London Evening Standard Critic Will Quit Post to Focus on Other Writing

News   London Evening Standard Critic Will Quit Post to Focus on Other Writing
 
Nicholas de Jongh, chief theatre critic of London's Evening Standard is to step down from the post that he has held for the last 17 years.

De Jongh has been on the paper since 1991, and prior to that was deputy theatre critic to Michael Billington on The Guardian, where he was also previously an arts correspondent.

De Jongh is currently also represented in the West End by his first full-length original play, Plague Over England, currently running at the Duchess Theatre to May 16. The play was previously presented at the Finborough Theatre in Earl's Court in 2008, before transferring to the Duchess, where it has been running since Feb. 11 (and where it officially opened Feb. 23).

De Jongh's books include "Not in Front of the Audience," a history of homosexuality on stage; and "Politics, Pruderies and Perversions," a history of theatre censorship in the U.K., which won the Society of Theatre Research Prize in 2001, and which he dramatized for a performance at the Royal Court in 1996. He also contributed a one-act play to the Royal Court's May Days season in 1991.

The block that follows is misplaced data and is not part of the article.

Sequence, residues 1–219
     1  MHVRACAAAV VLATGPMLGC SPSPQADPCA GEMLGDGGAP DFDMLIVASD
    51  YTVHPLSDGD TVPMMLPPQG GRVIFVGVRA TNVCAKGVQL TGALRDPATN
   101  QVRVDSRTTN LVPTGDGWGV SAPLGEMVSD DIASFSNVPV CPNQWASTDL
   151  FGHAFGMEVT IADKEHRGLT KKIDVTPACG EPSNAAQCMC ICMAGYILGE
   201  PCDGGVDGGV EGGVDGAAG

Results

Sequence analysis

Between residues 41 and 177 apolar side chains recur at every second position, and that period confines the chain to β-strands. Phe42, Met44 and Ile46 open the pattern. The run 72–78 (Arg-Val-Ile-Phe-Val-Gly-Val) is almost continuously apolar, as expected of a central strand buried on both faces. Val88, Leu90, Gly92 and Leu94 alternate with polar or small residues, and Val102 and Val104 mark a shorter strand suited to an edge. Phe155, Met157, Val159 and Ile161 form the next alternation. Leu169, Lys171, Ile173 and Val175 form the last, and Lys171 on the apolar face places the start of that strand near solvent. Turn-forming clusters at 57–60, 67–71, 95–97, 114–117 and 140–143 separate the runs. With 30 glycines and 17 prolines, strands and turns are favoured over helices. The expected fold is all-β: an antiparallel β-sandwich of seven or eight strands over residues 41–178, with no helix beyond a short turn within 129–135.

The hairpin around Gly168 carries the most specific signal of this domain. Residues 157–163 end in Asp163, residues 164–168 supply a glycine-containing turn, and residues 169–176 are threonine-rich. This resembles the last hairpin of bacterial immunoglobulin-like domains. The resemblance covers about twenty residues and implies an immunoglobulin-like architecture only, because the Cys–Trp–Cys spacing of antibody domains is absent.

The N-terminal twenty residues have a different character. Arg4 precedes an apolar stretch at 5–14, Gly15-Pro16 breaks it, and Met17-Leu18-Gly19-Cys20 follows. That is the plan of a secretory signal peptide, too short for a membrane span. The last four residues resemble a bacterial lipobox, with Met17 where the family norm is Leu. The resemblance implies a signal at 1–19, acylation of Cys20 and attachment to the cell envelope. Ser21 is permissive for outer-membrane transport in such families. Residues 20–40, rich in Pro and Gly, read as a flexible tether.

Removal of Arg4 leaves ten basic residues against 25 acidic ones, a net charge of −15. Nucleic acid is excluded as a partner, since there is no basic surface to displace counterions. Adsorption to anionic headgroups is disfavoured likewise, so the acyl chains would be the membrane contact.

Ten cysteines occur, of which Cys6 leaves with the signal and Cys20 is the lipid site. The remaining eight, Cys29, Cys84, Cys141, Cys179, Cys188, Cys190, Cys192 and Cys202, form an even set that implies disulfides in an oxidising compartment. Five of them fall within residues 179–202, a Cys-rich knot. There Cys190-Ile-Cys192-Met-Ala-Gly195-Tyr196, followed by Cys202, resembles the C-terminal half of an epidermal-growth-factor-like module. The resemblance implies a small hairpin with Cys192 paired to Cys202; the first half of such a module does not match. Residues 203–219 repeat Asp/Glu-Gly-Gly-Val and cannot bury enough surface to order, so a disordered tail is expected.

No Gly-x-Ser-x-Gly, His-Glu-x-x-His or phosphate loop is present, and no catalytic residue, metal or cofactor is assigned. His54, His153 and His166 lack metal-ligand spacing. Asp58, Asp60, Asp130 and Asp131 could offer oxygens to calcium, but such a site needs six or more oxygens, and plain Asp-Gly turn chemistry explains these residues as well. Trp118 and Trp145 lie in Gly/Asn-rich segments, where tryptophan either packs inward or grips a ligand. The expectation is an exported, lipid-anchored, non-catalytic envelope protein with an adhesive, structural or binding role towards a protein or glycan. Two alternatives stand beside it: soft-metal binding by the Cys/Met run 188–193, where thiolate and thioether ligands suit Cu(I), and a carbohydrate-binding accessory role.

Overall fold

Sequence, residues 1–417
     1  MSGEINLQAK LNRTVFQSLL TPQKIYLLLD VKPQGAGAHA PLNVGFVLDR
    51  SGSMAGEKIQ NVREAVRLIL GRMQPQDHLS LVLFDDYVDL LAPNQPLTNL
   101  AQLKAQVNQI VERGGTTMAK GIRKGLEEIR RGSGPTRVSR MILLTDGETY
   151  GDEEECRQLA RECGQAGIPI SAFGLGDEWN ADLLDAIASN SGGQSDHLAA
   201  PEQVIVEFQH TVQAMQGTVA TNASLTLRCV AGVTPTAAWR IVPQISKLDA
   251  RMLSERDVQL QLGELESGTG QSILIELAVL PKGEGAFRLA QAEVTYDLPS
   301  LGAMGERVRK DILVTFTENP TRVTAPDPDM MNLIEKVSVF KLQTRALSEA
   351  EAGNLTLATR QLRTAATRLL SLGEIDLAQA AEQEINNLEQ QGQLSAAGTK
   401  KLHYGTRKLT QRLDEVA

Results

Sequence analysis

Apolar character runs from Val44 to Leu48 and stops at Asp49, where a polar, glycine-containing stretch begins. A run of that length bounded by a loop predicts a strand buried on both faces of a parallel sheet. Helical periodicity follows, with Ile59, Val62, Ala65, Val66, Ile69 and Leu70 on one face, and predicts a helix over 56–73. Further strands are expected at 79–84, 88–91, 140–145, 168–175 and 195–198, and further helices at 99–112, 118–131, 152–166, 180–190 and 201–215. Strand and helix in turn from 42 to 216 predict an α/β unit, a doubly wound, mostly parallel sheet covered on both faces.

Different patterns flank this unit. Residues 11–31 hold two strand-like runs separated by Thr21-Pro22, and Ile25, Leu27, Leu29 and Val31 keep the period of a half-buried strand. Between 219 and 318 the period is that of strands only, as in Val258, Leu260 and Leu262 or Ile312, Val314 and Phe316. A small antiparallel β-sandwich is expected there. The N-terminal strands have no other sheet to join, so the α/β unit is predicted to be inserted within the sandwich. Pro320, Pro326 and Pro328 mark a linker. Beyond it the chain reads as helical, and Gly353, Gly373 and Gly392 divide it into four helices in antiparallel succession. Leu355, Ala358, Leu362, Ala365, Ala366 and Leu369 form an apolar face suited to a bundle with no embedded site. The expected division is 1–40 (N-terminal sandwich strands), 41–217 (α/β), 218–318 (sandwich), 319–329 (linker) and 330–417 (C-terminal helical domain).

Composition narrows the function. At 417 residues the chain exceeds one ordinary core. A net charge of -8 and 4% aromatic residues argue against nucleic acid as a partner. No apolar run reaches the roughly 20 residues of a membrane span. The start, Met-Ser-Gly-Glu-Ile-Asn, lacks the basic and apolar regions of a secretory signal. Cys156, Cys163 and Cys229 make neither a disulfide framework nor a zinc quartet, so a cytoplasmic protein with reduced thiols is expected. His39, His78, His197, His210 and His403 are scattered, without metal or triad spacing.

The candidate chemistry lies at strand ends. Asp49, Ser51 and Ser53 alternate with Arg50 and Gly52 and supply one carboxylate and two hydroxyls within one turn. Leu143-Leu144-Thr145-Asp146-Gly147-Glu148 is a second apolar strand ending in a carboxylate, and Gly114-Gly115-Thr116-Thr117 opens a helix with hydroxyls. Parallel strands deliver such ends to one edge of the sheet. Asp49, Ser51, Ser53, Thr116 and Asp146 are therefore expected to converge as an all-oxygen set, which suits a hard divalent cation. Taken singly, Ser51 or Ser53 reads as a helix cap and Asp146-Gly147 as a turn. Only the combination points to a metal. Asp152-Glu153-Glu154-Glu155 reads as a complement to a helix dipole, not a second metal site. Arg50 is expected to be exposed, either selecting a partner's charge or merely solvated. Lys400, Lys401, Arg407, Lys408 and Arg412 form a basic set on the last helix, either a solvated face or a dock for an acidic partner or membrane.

According to a news report in The Guardian, he has decided to step down for his role as theatre critic to spend more time writing. He is reported to be working on a film version of Plague Over England, with Simon Fuller's entertainment company 19 Entertainment and the theatre impresario Bill Kenwright, and is also writing a book.

He is quoted as saying, "I have been brooding for some months now about stopping. I want to spend more time on my creative work while I feel I am still able to." It has not yet been determined when de Jongh will write his final review for the paper, but he commented, "I don't want to hang around not so much as a lame duck as a dying duck." His successor has not yet been appointed.

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